Here’s a situation I’ve encountered regularly for just about as long as I’ve been programming:
I try and try to solve an odd problem that just should not be happening. I don’t understand why the code is doing what it’s doing. I view and review it, step through it in a debugger, revert to a previous version. Despite all that, the root of the problem is still unclear. I’m banging my head against the wall all day.
At the end of the day, Nadya happens by and asks how I’m doing. Alright, I tell her, but I’m really frustrated with this issue. I start to describe my problem to her.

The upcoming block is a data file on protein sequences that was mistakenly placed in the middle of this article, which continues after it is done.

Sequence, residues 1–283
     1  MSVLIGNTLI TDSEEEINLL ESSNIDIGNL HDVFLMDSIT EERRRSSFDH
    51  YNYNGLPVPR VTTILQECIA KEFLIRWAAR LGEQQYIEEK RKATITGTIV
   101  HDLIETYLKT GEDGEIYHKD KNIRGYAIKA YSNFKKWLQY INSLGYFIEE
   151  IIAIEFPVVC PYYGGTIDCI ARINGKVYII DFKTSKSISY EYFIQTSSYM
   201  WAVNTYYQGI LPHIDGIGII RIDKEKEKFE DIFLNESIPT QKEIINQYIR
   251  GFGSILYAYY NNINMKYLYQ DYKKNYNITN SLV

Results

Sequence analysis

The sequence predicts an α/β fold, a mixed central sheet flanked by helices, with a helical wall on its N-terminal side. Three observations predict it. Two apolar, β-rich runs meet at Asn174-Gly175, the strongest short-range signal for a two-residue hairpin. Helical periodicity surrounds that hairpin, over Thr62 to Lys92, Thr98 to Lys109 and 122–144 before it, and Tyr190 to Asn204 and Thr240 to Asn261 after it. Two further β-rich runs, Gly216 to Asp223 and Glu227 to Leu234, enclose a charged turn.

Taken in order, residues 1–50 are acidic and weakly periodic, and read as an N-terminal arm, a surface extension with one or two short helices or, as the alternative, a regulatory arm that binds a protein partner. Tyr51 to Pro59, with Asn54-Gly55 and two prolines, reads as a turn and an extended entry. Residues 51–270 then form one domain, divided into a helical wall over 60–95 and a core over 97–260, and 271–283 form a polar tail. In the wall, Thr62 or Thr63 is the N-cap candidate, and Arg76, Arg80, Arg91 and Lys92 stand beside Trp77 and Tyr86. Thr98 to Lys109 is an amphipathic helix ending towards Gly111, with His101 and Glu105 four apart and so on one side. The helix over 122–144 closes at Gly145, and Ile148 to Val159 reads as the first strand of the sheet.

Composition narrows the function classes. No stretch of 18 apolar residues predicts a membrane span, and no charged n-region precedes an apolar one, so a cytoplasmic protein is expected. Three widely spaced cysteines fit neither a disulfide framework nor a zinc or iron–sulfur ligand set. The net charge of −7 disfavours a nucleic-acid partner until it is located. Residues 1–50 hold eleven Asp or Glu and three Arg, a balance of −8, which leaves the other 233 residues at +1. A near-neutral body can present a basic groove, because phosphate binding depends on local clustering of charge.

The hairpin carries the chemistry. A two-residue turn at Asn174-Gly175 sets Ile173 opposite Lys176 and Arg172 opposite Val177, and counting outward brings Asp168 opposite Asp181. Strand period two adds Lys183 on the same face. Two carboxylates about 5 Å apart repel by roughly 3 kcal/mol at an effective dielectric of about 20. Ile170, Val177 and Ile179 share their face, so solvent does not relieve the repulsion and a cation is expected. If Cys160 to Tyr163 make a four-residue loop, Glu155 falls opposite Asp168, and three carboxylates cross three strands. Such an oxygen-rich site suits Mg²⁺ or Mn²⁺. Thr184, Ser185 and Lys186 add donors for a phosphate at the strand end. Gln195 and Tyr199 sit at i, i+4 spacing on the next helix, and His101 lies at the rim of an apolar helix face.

Thirty seconds into describing the problem, the solution comes to me. Nadya hasn’t said a word.
Sometimes just putting a problem into words can make us think about it differently. Describing it to someone requires us to consider the context and assumptions we have about it.
This pattern is known in some software development circles as rubber ducking, because I can just as easily describe my problem to a rubber duck sitting on my desk as to another human. It’s really a hack for my own brain.